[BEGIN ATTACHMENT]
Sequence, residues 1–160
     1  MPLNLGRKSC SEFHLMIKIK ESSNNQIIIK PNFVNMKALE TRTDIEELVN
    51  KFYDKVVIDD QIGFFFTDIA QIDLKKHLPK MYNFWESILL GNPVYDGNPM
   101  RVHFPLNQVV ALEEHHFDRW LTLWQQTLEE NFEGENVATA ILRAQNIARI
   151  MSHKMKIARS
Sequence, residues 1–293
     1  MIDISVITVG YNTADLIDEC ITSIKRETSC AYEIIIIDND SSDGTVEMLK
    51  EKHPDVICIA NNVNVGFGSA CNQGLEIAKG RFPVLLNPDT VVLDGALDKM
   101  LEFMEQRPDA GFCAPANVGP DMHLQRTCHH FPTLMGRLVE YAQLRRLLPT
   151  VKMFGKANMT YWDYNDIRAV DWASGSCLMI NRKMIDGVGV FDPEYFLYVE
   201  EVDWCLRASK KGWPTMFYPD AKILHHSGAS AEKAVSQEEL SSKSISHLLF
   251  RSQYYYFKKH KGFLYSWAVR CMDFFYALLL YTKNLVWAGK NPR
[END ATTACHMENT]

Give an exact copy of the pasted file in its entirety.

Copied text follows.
Sequence, residues 1–160
     1  MPLNLGRKSC SEFHLMIKIK ESSNNQIIIK PNFVNMKALE TRTDIEELVN
    51  KFYDKVVIDD QIGFFFTDIA QIDLKKHLPK MYNFWESILL GNPVYDGNPM
   101  RVHFPLNQVV ALEEHHFDRW LTLWQQTLEE NFEGENVATA ILRAQNIARI
   151  MSHKMKIARS
Sequence, residues 1–293
     1  MIDISVITVG YNTADLIDEC ITSIKRETSC AYEIIIIDND SSDGTVEMLK
    51  EKHPDVICIA NNVNVGFGSA CNQGLEIAKG RFPVLLNPDT VVLDGALDKM
   101  LEFMEQRPDA GFCAPANVGP DMHLQRTCHH FPTLMGRLVE YAQLRRLLPT
   151  VKMFGKANMT YWDYNDIRAV DWASGSCLMI NRKMIDGVGV FDPEYFLYVE
   201  EVDWCLRASK KGWPTMFYPD AKILHHSGAS AEKAVSQEEL SSKSISHLLF
   251  RSQYYYFKKH KGFLYSWAVR CMDFFYALLL YTKNLVWAGK NPR